In the run-up to the general election, Ministers made sympathetic noises. Indeed, the Minister promised in this House on 22 October that the Government were giving the idea of Martyn’s law active consideration. The Conservative election manifesto said:
“In the wake of the terrible events in Manchester in 2017, we will improve the safety and security of public venues.”
Brandon Lewis, the Security Minister, was reported as saying as recently as 12 January, following a meeting with Figen Murray, that Boris Johnson was “100% behind” the proposed reforms.
We have been promised, and we heard it again today, new counterterrorism legislation within 100 days of the new Parliament sitting, but in the Home Secretary’s Written Statement of 21 January there is no mention of either a Protect duty or Martyn’s law. Nor does today’s Statement from the Justice Secretary contain any such recommendation or proposal. Indeed, it does not sound as though the Long Title of the Counter-Terrorism (Sentencing and Release Bill) which we hear will be brought forward would permit the introduction of a Protect duty.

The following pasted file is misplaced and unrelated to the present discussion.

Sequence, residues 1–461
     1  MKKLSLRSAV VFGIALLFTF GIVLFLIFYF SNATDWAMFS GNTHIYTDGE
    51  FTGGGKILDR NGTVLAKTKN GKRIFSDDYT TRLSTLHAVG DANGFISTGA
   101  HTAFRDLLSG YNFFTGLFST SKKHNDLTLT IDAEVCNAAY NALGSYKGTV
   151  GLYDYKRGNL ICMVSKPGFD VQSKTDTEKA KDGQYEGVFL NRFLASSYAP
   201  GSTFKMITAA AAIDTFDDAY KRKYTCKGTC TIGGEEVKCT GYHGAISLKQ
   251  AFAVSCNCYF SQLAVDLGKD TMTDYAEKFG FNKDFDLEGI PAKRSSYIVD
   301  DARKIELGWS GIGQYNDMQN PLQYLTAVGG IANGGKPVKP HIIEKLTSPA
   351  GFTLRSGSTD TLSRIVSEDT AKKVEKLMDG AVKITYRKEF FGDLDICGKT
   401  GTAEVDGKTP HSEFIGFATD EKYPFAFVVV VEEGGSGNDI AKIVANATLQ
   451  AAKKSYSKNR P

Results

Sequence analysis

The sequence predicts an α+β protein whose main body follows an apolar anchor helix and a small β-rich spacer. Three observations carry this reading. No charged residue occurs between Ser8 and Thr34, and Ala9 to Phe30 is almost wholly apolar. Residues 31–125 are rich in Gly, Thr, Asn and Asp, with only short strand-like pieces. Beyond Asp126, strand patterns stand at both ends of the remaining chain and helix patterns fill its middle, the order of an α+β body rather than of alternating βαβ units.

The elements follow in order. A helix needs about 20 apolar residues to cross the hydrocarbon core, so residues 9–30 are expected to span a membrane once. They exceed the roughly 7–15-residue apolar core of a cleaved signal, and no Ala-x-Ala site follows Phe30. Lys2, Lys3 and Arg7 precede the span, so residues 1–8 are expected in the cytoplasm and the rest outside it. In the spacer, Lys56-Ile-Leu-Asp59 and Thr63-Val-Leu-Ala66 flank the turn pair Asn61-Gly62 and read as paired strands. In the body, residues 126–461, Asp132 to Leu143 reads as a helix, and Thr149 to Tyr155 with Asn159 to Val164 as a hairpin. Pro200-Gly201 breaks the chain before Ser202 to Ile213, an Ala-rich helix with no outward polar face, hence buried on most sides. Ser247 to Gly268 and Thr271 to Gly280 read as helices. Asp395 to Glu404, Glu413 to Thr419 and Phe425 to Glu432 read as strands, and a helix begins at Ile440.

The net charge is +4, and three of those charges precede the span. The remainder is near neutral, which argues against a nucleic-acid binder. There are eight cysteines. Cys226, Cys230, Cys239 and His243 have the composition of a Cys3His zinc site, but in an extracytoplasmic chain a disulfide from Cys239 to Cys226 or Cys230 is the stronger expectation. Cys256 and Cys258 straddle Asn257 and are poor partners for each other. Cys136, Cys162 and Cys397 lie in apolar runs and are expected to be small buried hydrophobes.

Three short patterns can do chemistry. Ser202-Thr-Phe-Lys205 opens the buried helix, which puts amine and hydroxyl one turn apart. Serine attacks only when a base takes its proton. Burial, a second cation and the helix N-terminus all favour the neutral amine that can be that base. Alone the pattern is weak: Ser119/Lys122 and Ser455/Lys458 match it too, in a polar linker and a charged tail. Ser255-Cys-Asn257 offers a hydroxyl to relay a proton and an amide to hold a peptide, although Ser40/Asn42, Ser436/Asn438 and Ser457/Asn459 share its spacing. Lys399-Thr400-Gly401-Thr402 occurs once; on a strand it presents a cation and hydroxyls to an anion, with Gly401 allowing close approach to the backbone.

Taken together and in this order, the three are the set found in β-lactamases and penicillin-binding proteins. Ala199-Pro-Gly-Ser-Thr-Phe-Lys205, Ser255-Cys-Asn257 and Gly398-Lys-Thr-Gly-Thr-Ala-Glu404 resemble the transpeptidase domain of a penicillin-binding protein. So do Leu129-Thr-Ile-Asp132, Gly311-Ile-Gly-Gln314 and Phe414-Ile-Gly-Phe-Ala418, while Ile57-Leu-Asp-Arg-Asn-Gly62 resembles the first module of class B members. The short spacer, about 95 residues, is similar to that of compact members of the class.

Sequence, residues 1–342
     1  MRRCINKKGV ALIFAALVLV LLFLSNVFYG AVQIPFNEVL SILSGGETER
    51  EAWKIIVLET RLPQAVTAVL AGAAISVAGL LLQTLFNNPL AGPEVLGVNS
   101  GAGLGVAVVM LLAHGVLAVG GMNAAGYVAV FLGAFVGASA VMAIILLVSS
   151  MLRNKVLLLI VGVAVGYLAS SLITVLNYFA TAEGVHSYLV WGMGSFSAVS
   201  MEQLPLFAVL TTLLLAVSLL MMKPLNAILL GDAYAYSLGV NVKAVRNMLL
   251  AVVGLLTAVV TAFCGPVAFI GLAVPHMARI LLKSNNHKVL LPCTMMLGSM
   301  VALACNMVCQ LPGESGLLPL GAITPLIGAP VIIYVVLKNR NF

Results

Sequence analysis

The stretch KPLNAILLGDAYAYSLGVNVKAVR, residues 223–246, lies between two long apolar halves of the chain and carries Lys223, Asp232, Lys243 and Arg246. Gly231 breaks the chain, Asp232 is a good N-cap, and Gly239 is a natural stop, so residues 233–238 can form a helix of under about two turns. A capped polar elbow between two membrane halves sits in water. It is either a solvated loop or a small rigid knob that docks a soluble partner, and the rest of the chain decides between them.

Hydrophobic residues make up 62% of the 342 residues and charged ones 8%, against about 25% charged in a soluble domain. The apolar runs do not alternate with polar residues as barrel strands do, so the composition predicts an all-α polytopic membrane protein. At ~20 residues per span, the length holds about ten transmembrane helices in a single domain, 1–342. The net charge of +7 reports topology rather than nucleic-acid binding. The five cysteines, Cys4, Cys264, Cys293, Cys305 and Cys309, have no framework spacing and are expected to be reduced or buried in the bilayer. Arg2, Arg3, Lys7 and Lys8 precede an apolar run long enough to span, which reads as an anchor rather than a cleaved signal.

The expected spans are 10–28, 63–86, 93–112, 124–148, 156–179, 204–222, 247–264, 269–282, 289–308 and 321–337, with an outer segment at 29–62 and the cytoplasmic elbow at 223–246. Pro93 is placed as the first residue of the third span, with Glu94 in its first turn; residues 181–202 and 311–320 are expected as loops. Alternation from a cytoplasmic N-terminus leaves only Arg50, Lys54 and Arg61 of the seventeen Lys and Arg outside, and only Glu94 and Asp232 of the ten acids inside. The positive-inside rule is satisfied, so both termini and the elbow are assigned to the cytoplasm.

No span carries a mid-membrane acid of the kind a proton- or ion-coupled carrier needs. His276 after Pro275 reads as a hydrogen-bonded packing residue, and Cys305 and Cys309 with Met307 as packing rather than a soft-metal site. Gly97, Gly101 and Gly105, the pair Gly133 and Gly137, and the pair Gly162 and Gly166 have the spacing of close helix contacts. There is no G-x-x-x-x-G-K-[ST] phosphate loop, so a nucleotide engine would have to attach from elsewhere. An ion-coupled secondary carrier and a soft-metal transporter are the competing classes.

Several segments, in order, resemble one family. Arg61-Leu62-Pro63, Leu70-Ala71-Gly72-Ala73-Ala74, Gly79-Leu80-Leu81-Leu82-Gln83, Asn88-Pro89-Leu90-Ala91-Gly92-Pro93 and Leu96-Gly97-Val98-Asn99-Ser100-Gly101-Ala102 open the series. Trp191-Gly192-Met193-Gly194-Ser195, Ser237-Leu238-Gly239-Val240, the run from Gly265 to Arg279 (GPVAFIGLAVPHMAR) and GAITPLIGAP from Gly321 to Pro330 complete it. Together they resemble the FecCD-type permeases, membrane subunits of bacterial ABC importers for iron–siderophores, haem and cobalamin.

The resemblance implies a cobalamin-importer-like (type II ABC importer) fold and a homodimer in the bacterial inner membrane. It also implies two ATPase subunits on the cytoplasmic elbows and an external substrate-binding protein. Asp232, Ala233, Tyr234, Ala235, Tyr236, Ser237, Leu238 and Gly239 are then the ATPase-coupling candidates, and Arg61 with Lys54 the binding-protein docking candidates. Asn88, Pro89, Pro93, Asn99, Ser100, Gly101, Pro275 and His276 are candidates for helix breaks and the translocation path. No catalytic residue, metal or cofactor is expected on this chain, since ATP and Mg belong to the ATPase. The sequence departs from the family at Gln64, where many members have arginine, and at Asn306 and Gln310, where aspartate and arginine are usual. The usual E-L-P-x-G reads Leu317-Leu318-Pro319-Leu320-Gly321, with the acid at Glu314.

So what is happening? I am sure that lie detectors, longer sentences, more specialist probation officers and additional money for CT policing have a part to play—actually I am less convinced about the lie detectors, but that is a matter for another debate—but the immediate practical impact of requiring every public venue to take advice, with excellent advice being available from NaCTSO, and then to implement appropriate and proportionate security measures seems to have been forgotten. Will the Minister tell us whether the CT Bill will include provision for a Protect duty when it is introduced? If not, why not? Earlier this afternoon, I introduced a Bill in your Lordships’ House that would require the Home Office to consult widely on how best to operate such a duty. If the Minister can tell me that that is already in hand—although I have heard no sign that it is—I will happily withdraw it.